I have been wandering around the search engines looking for something else on pensions and came across this helpful PDF from Royal London.  I am not sure it is (any longer) correct in terms of providing your starting amount by going to your pension forecast, well, not in an easy to glean format as you have to deduct amounts from that forecast to back-track to 2016, and it is based on state pension amounts in 2018/19, so you would again need to adjust the figures to 2020/21 of £175.20 max per week (new state pension), each added year being worth 1/35 of that (£5) and the old state pension now sitting at £134.25 pw but it is doable if you want to understand your own position...

 

Anyway, it's here  topping-up-your-state-pension-guide.pdf (royallondon.com) if you are interested in how it all works...

Thats how I have done my spreadsheet, I have the years to date that actually count as I was contracted out for a good while - looking back I would have been better off staying in, but everyone was being advised to do it at the time. years I have topped up or paid in full, and years needed to get me to the magic £175.20. I will fill 2019/20 first as it is still at the old rate, then I have a part year that may be enough to make up the difference, if not there are plenty of empty years from 2009 onwards that are showing as available to top up. Its the last little bit that I need to make sure of, so I will not need to go back too far with them. 

0

Share this post


Link to post
Share on other sites

Part years don't count until they are topped up to become full years, so the question would be, do you need only the year that is partly paid, or that and other years.  If you need only the topable-upable year that is the cheapest way to go, even if the yearly rate is higher.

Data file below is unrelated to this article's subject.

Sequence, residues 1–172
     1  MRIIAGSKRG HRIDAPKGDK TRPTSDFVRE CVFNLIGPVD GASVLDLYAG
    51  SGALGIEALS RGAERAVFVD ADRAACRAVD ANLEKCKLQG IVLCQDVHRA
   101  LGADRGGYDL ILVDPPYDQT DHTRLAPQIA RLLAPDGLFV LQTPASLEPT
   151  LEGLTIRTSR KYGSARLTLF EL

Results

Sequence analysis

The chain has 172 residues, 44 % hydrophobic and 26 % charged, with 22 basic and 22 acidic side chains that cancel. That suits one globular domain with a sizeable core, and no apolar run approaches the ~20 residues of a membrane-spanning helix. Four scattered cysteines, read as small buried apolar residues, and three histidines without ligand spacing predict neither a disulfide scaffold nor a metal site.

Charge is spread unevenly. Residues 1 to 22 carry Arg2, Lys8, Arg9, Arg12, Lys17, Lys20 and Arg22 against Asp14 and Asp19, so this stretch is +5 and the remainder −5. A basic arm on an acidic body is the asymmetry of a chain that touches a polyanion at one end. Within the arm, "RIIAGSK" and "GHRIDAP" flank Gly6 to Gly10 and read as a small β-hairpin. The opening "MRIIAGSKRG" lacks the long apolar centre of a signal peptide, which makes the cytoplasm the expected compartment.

So, if you have paid, say £300 for 2017/18, subject to all of that counting as there are weekly and monthly maxima, you would need only to pay £495 (assuming you would now have to pay at the 2020/21 rate until the end of March 2021!) to make that year count and potentially take you over the line.  That would compare to paying 2019/20 in full at £780 to achieve the same outcome.

 

If you need both years then it matters not when you pay, especially as the rate is increasing by only £5 per year (0.5%) from April.

 

Personally, I would be having a long chat with DWP to ensure I get it right

0

Share this post


Link to post
Share on other sites
57 minutes ago, GaryC said:

Part years don't count until they are topped up to become full years, so the question would be, do you need only the year that is partly paid, or that and other years.  If you need only the topable-upable year that is the cheapest way to go, even if the yearly rate is higher.

 

So, if you have paid, say £300 for 2017/18, subject to all of that counting as there are weekly and monthly maxima, you would need only to pay £495 (assuming you would now have to pay at the 2020/21 rate until the end of March 2021!) to make that year count and potentially take you over the line.  That would compare to paying 2019/20 in full at £780 to achieve the same outcome.

 

If you need both years then it matters not when you pay, especially as the rate is increasing by only £5 per year (0.5%) from April.

 

Personally, I would be having a long chat with DWP to ensure I get it right

I have just checked my spreadsheet, I need the part year, 2019/20 and possibly a another 1 more. I did talk to DWP early last year and they confirmed what I already knew, I am going to call again when this year updates and I have a clear view of whats needed, I have done the easy years that I knew would be ok to pay (and that I could afford), and then any others I can get confirmed when I do a final talk to make sure its all there and correct - and hopefully that £5 stays in my pocket :lol:

Edited to add, thats jump started my memory, since the part year is cheaper I think it will be possible to pay that at the the current rate this month, then I can pay 2019/20 at the original rate later this year - that will be nearly £10 to me :D 

0

Share this post


Link to post
Share on other sites

Create an account or sign in to comment

You need to be a member in order to leave a comment

Create an account

Sign up for a new account in our community. It's easy!


Register a new account

Sign in

Already have an account? Sign in here.


Sign In Now